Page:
Oxfam report: wrong premises

The Oxfam report released recently claims that between March-June 2017 and March-June 2018, the wealth of the super-rich grew by $2.5 billion per day on average, while the bottom half of the world’s population saw their wealth dwindle by $500 million daily over the same period.

The annual report, based on data provided by Credit Suisse and Forbes among others was released just ahead of the World Economic Forum meet at Davos. Just like the World Economic Forum, Oxfam’s publication has also become an annual ritual.

Oxfam International was formed in 1995 by a group of non-governmental organisations. As a part of the global movement, its aim is to work towards reducing poverty and injustice. The name Oxfam itself comes from the Oxford Committee for Famine Relief, founded in Oxford in 1942.

Oxfam’s report this year, titled “Public Good or Private Wealth,” has claimed that last year, a mere 26 people owned wealth that is more than the combined wealth of the 3.8 billion people who make up the poorest half of humanity.

Oxfam added in a sombre note that “Our economy is broken, with hundreds of millions of people living in extreme poverty, while huge rewards go to those at the very top”. The report on India says that Indian billionaires saw their fortunes grow by Rs 2,200 crore every day in 2018, with the top 1% of the country’s richest getting richer by 39%, while the bottom half of the population saw only a 3% increase in wealth.

One of the recommendations that Oxfam makes in its report is to “End the under-taxation of rich individuals and corporations. Tax wealth and capital at fairer levels. Stop the race to the bottom on personal income and corporate taxes.

Eliminate tax avoidance and evasion by corporations and the super-rich. Agree to a new set of global rules and institutions to fundamentally redesign the tax system to make it fair, with developing countries having an equal seat at the table”.

But the Oxfam report is flawed. Despite repeated criticisms from many quarters every year that the methodology Oxfam adopts in calculating statistics on poverty is flawed, it does generate a lot of media attention and reactions on social media every year. Critics point out that the report includes a good number of persons in the US and the developed world who live on debt.

What is questionable is its notion that global wealth is a collective pool into which people around the world contribute and from which the rich take a major share, depriving the poor of their meals.

The report says that just 1% of the $112 billion wealth of Amazon’s Jeff Bezos, the world’s richest man currently, is almost equal to the entire health budget of Ethiopia, a country of 105 million people. It seems to insinuate that Bezos has been amassing wealth at the expense of the poor people of the world. This is as preposterous as the statements of many pseudo-academics in India that Mukesh Ambani’s wealth is equal to the budget of many states.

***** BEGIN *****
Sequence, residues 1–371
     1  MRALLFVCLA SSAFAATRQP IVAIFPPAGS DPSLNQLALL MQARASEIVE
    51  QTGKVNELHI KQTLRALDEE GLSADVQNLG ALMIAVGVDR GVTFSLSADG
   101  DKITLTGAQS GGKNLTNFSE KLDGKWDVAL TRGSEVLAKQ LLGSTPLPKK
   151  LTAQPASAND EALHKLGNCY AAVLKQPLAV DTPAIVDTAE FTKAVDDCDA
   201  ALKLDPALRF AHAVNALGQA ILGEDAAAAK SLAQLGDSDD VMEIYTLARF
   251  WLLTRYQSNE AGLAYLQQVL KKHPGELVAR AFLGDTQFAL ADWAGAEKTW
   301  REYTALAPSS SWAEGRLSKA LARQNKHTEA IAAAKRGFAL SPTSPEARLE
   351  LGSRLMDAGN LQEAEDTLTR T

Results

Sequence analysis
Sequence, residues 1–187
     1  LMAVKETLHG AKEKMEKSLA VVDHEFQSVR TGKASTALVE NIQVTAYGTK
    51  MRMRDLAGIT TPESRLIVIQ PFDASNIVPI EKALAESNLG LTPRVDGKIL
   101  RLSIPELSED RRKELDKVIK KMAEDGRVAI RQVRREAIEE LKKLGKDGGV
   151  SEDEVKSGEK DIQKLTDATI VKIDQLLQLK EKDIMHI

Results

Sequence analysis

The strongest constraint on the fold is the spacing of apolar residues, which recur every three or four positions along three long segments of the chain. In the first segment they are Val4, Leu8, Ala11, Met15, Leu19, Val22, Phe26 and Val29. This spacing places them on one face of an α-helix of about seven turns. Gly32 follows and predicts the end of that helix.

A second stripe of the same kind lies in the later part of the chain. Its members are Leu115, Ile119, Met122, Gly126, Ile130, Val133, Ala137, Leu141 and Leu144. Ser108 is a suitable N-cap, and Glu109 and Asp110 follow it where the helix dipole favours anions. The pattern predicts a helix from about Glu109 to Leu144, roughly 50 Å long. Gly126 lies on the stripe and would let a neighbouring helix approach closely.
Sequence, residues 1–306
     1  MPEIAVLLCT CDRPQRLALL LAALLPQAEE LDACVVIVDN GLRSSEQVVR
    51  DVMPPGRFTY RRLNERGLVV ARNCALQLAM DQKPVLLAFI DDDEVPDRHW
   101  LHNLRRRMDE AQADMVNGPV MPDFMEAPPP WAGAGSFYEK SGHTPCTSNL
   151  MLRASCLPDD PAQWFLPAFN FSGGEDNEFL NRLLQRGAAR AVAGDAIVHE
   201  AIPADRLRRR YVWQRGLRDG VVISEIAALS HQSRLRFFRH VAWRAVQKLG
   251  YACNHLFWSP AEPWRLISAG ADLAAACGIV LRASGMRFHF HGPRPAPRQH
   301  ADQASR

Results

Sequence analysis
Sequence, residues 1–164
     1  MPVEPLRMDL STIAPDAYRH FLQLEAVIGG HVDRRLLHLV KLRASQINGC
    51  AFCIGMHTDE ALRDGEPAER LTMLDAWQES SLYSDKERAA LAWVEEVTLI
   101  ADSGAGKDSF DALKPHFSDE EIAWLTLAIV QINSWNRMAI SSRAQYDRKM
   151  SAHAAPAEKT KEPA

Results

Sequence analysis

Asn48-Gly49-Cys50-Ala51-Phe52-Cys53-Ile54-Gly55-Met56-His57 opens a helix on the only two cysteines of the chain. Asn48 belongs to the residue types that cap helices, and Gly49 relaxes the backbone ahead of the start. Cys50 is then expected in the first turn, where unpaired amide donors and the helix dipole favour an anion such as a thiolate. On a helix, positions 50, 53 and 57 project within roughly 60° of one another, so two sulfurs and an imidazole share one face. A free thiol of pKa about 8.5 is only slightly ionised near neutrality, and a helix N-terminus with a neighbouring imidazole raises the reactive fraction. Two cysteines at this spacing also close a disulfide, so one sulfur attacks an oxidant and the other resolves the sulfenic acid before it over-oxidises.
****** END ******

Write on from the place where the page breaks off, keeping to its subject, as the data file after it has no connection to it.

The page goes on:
It has become fashionable in academic circles to keep harping on the same cliché for decades now — that “the rich are becoming richer and the poor are becoming poorer”, and that the economic disparity between the rich and the poor is widening.

Rising standard of living

Reports indicate that poverty in India has halved in the last decade and the number of millionaires is increasing every year. These individuals have become rich by their hard work and not by stealing from the poor.

The standard of living of the people even in rural India has been steadily rising over time, in line with the growth of the economy, which is likely to reach $3 trillion soon. No doubt the rich are becoming richer, but it’s also a fact that the poor are also becoming richer.

Contrary to what Oxfam thinks, the poor in India are doing much better than expected. The Oxfam report seems to make a demon out of capitalism and makes a poor attempt to prove that capitalism has failed. It fails to acknowledge the success stories of start-ups and the hard work of millions of poor people who have come out of poverty because of free markets.

The implications of the Oxfam report suggest that the wealth of the world’s top 1% should be transferred to the bottom 50% population. It seems to suggest that wealth is like a pie and everyone must have a slice of it. What it should focus on, instead, is to suggest ways to increase the size of the pie.

There is little evidence that governments have taken the Oxfam reports seriously and implemented economic reforms. It would have been nice if Oxfam had also acknowledged the philanthropic work undertaken by the rich and the corporates across the world.

(The writer is with Manipal Aca­demy of Banking, Bengaluru)

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Oxfam report: wrong premises

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